Keith Enochs | , , , ,| By
One of the most critical skills for a new leader is also one for which many are the least prepared: how to communicate with your team members effectively.
I remember back to the first time I sat down with an employee who wanted to talk about an issue they had. I could hardly wait. I was so excited to help point him in the right direction, and share some of my awesome (at the time, I thought they were) insights. I listened intently, taking copious notes, all while crafting my responses. Finally, the time had come. I proceeded to tell him exactly what he had to do to fix the problem, what his next steps were, what skills he needed to develop, the works. I mean, I analyzed the crap out of the situation. And his response? Was he awed and grateful for my insights? Not so much. He looked at me like I had spit in his coffee. When he finally left the office, I saw him shake his head in a kind of dejected way as he rounded the corner. What just happened? I didn’t realize at the time, but I had learned a hard but valuable lesson that day.
As leaders, we are frequently called upon by our teams. Sometimes by one person, sometimes by several. Sometimes we are asked to mediate a discussion between two employees who are having a disagreement. Sometimes we are asked to observe a performance meeting. Whatever the “who” and “what” of the situation, the common thread is the same: we are there to help others to better their situation. This is where I made my mistake early in my career. Despite my best intentions, I couldn’t get past my own stuff in order to truly see his. And if I wasn’t really seeing him and his stuff, there wasn’t a snowball’s chance in you-know-where that I was going to be able to really help him.
The Myth of Changing Your Lens
In a lot of the traditional leadership literature, you’ll read about how everyone walks around with their own set of metaphorical glasses through which they see the world. And if you want to understand someone else’s perspective, simply take off your lenses and use theirs. I think if you try to look through someone else’s lens, you’re just looking through a murkier version of your own. Your lens is still there. You’re not any closer to really understanding their perspective.
Despite all this, there are some things we CAN do to help us connect with our people and begin to understand their point of view:
- Accept that perspective is reality – This goes back to the lens that each of us has. If we can’t truly take off our own lens, then why do we keep expecting our employees to take off theirs? It’s a waste of time. Once we accept that their perspective is their reality, we can then ask them to open their minds to accepting that others’ perspectives are also their realities. Empathy breeds understanding.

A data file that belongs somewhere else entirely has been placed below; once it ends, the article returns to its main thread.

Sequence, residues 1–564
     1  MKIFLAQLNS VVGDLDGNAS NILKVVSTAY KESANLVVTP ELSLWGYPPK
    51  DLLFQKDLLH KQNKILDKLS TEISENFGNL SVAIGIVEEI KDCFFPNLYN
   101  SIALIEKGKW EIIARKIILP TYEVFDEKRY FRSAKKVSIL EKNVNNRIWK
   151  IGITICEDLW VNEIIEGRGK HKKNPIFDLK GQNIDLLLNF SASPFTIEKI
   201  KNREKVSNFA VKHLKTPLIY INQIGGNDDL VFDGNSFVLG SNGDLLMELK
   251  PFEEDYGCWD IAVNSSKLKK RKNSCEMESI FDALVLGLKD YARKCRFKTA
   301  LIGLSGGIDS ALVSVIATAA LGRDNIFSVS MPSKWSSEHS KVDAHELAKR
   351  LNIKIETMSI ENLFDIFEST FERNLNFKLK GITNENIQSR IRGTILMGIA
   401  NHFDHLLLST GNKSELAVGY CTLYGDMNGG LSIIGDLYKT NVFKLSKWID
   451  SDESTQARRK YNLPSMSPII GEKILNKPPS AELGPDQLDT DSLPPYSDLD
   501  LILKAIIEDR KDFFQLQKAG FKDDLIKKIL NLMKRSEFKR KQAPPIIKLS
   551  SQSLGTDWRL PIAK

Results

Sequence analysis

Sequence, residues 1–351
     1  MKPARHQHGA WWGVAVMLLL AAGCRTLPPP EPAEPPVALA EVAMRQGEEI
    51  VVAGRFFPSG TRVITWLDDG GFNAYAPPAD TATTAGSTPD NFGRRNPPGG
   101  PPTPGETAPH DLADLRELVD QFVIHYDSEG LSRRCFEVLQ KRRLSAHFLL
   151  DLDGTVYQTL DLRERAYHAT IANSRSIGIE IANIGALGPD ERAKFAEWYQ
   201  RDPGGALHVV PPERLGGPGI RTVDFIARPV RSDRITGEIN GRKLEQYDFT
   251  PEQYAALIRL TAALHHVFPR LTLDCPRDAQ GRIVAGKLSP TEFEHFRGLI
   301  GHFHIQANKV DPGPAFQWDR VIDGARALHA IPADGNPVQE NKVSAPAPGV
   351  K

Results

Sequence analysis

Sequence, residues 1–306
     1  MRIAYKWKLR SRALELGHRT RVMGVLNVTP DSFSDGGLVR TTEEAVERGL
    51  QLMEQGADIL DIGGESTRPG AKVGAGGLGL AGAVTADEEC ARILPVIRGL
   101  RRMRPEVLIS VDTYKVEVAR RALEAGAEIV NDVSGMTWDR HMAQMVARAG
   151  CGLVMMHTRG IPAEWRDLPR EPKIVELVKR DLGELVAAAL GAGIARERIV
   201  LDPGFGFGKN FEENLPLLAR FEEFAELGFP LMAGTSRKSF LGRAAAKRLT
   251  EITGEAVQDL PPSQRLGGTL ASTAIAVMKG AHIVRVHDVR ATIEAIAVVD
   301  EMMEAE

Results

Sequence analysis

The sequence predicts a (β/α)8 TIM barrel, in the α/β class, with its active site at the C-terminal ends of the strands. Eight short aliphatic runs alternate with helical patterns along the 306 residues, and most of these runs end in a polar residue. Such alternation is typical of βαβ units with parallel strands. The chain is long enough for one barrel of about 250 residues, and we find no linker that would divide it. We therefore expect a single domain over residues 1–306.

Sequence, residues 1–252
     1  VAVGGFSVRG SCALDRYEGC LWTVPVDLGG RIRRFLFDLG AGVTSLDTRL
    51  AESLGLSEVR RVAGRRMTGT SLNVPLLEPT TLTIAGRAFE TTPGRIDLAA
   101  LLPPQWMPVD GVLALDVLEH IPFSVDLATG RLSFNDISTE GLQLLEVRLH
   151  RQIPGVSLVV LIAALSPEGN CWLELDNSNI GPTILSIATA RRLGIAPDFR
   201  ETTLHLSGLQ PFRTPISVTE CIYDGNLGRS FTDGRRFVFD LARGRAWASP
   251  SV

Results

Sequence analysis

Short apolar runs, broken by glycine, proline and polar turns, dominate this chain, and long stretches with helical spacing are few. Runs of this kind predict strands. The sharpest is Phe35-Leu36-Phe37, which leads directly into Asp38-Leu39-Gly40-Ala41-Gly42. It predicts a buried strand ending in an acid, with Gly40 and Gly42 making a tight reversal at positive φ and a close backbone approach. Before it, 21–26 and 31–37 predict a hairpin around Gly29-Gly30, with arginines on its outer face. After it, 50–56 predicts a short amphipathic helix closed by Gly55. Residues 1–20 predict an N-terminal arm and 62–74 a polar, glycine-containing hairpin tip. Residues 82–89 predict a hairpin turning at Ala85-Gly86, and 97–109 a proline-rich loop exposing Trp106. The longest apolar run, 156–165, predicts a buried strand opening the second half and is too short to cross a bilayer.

- Talk less – Most leaders like to talk. A lot. Don’t be that guy (or girl). Close your mouth and open your ears. You’ll be amazed at how much more you’ll actually hear.
- Ask more questions than you give answers – A lot of leaders have a problem with this one. I sure did. I was under the impression that being a leader meant you had to know all the answers. Not true. I’ve come to believe that the best leaders know the right questions to ask, and then help their employees develop the answers.
- Check your baggage – The best way to sabotage any communication is to allow your own personal baggage to steer the course of the discussion. We all have baggage, it’s just part of the deal. A few months back, I wrote an article about what leadership ISN’T. One of those things, and I think it’s the most important, is that leadership isn’t about you. Don’t allow your personal baggage to get in the way of you being there for your employees.
Wherever We Go, There We Are
If we have any hope of being a leader that our team members can trust and respect, we need to realize that sometimes the biggest obstacle is ourselves. We bring baggage and we see the world through a unique lens that’s been tuned over the years based on our own experiences (good and bad), and we think we have to have all the answers. It’s time to let that stuff go, and focus on what’s truly important: being a good listener and being truly empathetic. When we do that, we will be the leader we’ve always wanted to be.